The US Foodservice segment did well and it appears that the productivity initiatives were well spent in getting this segment back on track. In fact, its increase in operating income of $9.3 million wasn’t far away from Asia/Pacific’s $9.7 million (the only two in positive territory). Nevertheless, it is not a large part of profits, and comparisons will get harder going forward.

As for Asia/Pacific, growth looks strong and management seems to be focusing attention on this region, but I have some concerns here too. Much of Heinz’s growth in emerging markets was believed to have come from infant/nutrition, and when a company like Mead Johnson (NYSE: MJN) warns of increasing competition amidst heavy promotions in the Far East and Heinz reports a 5.4% drop in revenues, it’s hard not to conclude things will get tougher.  Indeed, Johnson & Johnson (NYSE: JNJ) reported lackluster results in the US and is subject to increasing competition there too. This is somewhat worrying for Heinz because it implies that Danone and others will chase growth in China very aggressively, and we can expect Mead Johnson to fight back too.

Europe’s consumer difficulties are well known, but fortunately Heinz is relatively insulated thanks to its remarkable popularity in the UK. All of which is fine, but I think the European mass market is a tough place to be in right now. US investors need to understand that it was Germany that led the ‘movement’ towards shopping in discount stores. In other words, don’t expect any respite from the trend towards increasing value awareness.

Where Next for Heinz?

As discussed above, if you add back the $37.3 million charge last year then operating income actually fell by $3.75 million. Moreover, a lower tax charge of $31 million vs. $53 million last year helped attributable net income rise by 22%. Heinz’s management has done very well to get the tax charge lower, and it affirmed that it was confident over the issue for the next six quarters; but frankly, many of these things are decided by political considerations, so it’s hard to rely on this low level in say, a discounted cash flow analysis.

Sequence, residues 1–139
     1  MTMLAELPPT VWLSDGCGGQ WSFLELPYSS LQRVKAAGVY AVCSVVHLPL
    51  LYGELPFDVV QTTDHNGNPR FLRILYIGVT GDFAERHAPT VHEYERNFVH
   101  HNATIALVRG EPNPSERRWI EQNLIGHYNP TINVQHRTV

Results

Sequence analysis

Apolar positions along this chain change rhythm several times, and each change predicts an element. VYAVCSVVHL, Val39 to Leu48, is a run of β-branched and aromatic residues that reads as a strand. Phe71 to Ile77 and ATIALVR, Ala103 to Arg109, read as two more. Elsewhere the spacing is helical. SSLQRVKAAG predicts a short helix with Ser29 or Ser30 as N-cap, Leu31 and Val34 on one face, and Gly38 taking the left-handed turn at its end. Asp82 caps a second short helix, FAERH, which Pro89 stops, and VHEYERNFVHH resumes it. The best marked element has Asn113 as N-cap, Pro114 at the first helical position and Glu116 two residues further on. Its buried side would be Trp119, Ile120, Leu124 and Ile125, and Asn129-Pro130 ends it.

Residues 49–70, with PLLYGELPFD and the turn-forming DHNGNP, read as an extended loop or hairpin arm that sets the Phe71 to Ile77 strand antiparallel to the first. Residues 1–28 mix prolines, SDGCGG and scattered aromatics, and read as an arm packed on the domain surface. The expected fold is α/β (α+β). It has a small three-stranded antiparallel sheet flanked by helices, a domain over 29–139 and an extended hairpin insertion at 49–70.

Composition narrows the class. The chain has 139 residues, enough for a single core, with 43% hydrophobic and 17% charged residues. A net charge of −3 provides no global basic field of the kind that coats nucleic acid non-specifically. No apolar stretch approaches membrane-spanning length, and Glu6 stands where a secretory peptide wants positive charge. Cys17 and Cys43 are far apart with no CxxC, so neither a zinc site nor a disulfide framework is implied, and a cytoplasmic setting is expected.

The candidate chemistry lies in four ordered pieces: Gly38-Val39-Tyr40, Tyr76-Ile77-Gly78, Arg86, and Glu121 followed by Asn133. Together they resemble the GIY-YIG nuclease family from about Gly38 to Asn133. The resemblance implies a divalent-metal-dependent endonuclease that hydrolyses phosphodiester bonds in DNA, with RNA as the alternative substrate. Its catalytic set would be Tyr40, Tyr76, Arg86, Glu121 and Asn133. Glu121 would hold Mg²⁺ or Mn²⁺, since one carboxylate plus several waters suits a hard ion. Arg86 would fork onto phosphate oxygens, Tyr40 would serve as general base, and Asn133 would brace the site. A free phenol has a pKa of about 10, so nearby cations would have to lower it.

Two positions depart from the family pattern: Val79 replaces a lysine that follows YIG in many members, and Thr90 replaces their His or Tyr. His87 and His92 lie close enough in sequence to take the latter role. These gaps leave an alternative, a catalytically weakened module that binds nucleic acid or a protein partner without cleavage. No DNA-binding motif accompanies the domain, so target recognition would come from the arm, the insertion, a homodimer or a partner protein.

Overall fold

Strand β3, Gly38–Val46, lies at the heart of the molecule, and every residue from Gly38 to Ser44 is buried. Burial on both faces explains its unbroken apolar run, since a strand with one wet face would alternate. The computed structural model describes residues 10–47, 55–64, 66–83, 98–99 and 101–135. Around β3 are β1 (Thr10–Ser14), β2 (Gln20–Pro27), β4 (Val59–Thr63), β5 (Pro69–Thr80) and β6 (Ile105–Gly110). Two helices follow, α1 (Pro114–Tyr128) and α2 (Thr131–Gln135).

My point is that a few moving parts have created a very positive optic in these results. Some unfavorable tax movements in the future, plus more competition (likely) in infant/nutrition and a continuation of the ongoing ‘mass consumer’ spending malaise, and Heinz could very easily report negative numbers.  In addition, analysts are only forecasting single digit growth for the next couple of years, but the market is asking you to pay 19.4x earnings and an EV/EBITDA multiple of 11+.

On a more positive note, the management is doing a great job in difficult conditions. The turnaround in foodservice is evident, and emerging market growth prospects look good with the lower tax rate giving them time to continue investing in higher growth areas.

I think the rating is too rich, but the market wants yield right now, so don’t be surprised if it goes higher. However, for a GARP based investor like me this stock has few attractions.